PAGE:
(Note: I have also posted this review here).
This UX31A is a beautiful machine. Note that the R7202F is a UX31A-1AR4. It is roughly akin to a DB71, but it lacks a TPM, and has Windows Home Premium. It has an i7 1.9 GHx, dual core, quad-thread processor.
It looks far sharper than any Apple (in my view), and its construction is solid. It is light, sturdy, and it runs cool (the CPU runs at around 40 Celsius under normal conditions, and all the warmth is centre, above the keyboard). The IPS display is beautiful, and is perfectly visible in direct sunlight. Its brightness vastly exceeds other machines in its class. It is simply the best display in its class, bar none. The colours are incredible. The audio quality seemed quite good to me, though I'm no audio expert.
This machine has DDR3-1600, not 1333, as posted in many descriptions (I confirmed that it is dual channel @ 800 MHz). The one I received came with a Sandisk SSD (more on this later).
The battery life ranged from 5 hours (full bright, wifi on, backlit keyboard on) to 9-10 hours (low bright, wifi off, backlight off).
On the negative side:
1. The screen has some backlight bleeding. This is common on IPS screens, but if you need perfect blacks and watch a lot of movies on it, you might notice it. It isn't visible in normal use. Mine bled on the bottom right rather noticeably on a full black screen. This isn't a big deal for me. It is a shame, though.
2. The keyboard seems to miss keystrokes now and then. I don't think this was just me; other ASUS users encountered this on their machines. It occurs when typing very quickly. However, the keyboard is otherwise nice to use.
[Note that my second UX31A was much better on this point.]
3. The touchpad is unusable out of the box. The latest beta driver on the ASUS site gets it working well enough. You may need to disable tap to click as well; this is commonly an irritation on touchpads, because you can 'click' with your palm while typing. Note that if you need more configuration of your touchpad, Samsung has a driver which will run on the Zenbook Prime's touchpad, which also corrects the issues.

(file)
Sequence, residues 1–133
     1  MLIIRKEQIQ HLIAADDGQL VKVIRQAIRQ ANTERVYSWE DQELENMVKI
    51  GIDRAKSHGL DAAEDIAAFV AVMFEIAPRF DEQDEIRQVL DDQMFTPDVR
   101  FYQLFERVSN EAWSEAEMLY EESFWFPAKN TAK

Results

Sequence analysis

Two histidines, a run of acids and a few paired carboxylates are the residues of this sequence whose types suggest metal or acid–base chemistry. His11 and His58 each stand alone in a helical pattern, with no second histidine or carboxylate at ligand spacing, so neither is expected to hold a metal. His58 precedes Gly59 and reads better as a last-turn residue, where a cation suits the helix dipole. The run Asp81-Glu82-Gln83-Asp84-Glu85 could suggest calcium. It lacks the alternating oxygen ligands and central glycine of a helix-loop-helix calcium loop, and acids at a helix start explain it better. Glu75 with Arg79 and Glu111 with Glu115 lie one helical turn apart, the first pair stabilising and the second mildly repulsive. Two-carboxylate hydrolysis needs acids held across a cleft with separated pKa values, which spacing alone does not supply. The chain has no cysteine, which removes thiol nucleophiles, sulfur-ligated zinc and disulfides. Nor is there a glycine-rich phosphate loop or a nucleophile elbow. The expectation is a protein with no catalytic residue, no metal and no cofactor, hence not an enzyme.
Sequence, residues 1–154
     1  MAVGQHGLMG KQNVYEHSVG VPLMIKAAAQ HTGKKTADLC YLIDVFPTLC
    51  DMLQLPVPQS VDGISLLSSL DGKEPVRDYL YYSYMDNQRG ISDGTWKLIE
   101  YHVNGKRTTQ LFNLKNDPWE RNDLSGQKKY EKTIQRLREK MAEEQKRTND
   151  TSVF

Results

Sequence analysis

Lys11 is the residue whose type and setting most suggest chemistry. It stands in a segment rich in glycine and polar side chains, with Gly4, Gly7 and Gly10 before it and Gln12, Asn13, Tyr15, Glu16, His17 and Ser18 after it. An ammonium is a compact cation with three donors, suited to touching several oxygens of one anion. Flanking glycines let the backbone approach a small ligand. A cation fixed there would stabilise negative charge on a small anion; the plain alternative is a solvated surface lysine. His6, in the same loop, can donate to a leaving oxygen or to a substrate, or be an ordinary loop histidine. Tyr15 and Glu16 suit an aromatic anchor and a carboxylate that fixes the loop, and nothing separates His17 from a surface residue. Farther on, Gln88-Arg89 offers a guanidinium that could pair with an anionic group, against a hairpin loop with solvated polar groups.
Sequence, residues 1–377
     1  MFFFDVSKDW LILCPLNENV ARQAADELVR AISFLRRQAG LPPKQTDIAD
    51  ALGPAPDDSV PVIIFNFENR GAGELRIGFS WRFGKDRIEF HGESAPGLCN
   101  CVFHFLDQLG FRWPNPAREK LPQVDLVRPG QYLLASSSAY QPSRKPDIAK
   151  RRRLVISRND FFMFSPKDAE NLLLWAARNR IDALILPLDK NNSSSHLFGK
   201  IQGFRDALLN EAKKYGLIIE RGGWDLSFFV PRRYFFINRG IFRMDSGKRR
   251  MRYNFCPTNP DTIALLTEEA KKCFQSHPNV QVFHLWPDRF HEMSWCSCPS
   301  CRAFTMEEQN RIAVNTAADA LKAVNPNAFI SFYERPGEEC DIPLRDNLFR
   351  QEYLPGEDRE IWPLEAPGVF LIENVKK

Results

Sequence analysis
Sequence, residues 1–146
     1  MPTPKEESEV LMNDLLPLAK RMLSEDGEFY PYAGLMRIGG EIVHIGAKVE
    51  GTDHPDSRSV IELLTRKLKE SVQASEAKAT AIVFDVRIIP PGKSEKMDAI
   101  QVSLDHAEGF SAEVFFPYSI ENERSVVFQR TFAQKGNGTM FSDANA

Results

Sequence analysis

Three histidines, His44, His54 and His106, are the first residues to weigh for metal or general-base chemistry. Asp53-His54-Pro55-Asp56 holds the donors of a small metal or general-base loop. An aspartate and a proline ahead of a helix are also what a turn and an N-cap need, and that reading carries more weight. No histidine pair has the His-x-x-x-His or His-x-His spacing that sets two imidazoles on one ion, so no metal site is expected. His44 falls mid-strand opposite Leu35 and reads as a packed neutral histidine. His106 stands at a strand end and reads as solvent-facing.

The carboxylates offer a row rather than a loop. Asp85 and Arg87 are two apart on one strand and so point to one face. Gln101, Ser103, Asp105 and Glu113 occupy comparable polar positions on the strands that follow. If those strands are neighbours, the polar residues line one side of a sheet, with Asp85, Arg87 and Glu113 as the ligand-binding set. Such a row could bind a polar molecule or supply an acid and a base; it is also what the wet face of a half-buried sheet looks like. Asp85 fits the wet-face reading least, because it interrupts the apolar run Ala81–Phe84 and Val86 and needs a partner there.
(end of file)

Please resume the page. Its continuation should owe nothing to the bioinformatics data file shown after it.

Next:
[Edit: Do not install the 1.0.32 driver, as it is about as bad as it gets -- it doesn't correctly reject palm contact, and it does reject normal finger contact. It is next to unusable. ASUS ought to try out their software before the ship it. The 1.0.26 beta driver works well enough.]

4. The unit I received would randomly shut down a few minutes out of sleep, every once in a while. This wasn't a bluescreen. There is no data in the Windows logs about the shutdown. Odds are, the machine lost power somehow. It happens whether the notebook is plugged in or not. This is a serious problem.
[See here.]
5. The Sandisk SSD is slow in small reads and writes. As in, it is terrible (4 MB/sec in some cases). I confirmed this myself. The alternative AData drive that comes in this laptop when there is stock is reportedly much better. That said, the computer ran fast. Most would probably not notice this.
6. There is too much Junkware on it. I removed the Trendmicro trial, the ASUS cloud stuff, and a few other trials. Just install Microsoft Security Essentials and be done with. When the antivirus makers can produce software that doesn't act like the malware they try to stop, we can use it.
Overall, this was a really nice machine. Some of those flaws are bad, but hopefully ASUS works them out soon.
I would have given this full marks for quality, except for the keyboard, mouse, and shutdown issue.

Zenbook Prime and the Unexpected Shutdown Problem

Problem Description

Zenbook Prime ( UX31A) users may notice the computer occasionally turning off without warning. The shutdown is unexpected, sudden, and there is no blue screen / stop code in Windows.
Users will find an event similar to the following in the Windows event log:
Log Name: System
Source: Microsoft-Windows-Kernel-Power
Date: 9/26/2012 12:10:38 PM
Event ID: 41
Task Category: (63)
Level: Critical
Keywords: (2)
Computer: BLAH
The system has rebooted without cleanly shutting down first. This error could be caused if the system stopped responding, crashed, or lost power unexpectedly.